Organ donation could refer to the removal of the tissues from a human body that is either dead or living so that they can be transplanted. This is done to people of all ages and the procedure used is the surgery. The popularity of donations differs from one country to the other where by different countries allows or refuse donors to donate organs. The organs that could be procured include; the heart, kidneys, lungs, liver, skin, intestines.
For these to be donated, they are either procured from a brain dead donor or a donor where a family has given consent of donating. This is done after a cardiac death a process known as non-heart beat donation. Other tissues that could also be procured after death include femoral veins, great saphenous veins, small saphenous veins, bones, corneas, tendons, pericardium, and the sclera. Organs which are donated by donors who are living, may include, pancreases, kidneys, and parts of the liver.
The organs donation has been controversial whereby different groups and individuals have pointed some positive and negative effects and aspects of the issue. This paper focus on both the impacts of organs donation, misconceptions and the recommendations to ensure it is done effectively. The operation of the organ transplants is physically risky both to donor’s and the recipient’s health. Because the exercise involves surgery in both parties, body tissues are destroyed especially if not done by professionally qualified and experienced doctors.
Problems associated with poor surgery may result to the death of the donor or the recipient. Poor surgery could also result to future health complications. Tissue damage may result to severe pains to the wounds especially where deep cuts were made on the body. If the screening of the donor is also not perfumed well may lead to the transmission of diseases and other ailments for instance where the virus like H. I. V aids has not been detected in the donors body during screening.
Donation of organs can therefore lead to other diseases to the recipient of the organ if it is done without care. Other complications that may arise, is when the donor may be diabetic. If a donor gives diabetic recipient an organ, it may lead to problems in the healing of the wounds that result from the surgery during transplant (Thomas, 2009). It may also be an expensive affair depending on the organ to be donated and the donor and therefore the whole process may be too expensive.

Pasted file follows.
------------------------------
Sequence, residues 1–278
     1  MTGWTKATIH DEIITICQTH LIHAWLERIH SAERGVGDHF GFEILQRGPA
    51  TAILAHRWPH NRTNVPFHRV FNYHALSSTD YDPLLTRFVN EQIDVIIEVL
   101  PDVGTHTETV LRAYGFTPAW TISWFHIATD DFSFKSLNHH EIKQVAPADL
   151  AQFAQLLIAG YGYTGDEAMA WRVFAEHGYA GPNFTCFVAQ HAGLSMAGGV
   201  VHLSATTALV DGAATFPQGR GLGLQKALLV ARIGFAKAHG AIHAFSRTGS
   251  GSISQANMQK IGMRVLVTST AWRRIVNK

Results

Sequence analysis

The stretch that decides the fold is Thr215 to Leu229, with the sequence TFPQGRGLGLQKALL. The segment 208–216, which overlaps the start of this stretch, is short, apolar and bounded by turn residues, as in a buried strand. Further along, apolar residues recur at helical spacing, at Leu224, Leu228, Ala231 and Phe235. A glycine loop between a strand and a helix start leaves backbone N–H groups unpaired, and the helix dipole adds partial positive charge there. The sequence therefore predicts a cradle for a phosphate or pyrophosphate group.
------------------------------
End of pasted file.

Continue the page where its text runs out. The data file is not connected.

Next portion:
If the donor is closely related to the patient it might not be expensive compared to when some one is donating for money. According to Thomas (2009), it is said that the prices for the organs range from $500-$5000 depending on the local laws how ever there is financial exploitation whereby the donor overcharges the recipients because he/she would have no choice. The fact that the patient may be desperate and looking for a chance to live, they may end up paying the amount asked though high.
Other cases where there has been financial exploitation in organs donation is whereby the amount agreed upon for the exercise is not paid to the donor; there are also cases where if organs are donated before the payment has been paid, the recipient does not get the agreed amount. (Childress J. F. 2007) Ethically, organ donation has been criticized in some ways especially where fetuses are killed so that they can donate cells in the events where there is no match.
For instance in blood leukemia cancer, foetus may be crashed so that a patient may get stem cell leading to the death of an innocent human beings. However, there is a positive side of organs donations which are beneficial and might outweigh the negative side. Organ transplant is only done to a person whose life has been at the risk the reason for this is because the organs of the patients may be but not completely damaged. In an event where there is perfect match of the organs, someone is given a chance to live where otherwise that person would have died. (Childress J. F. 2007).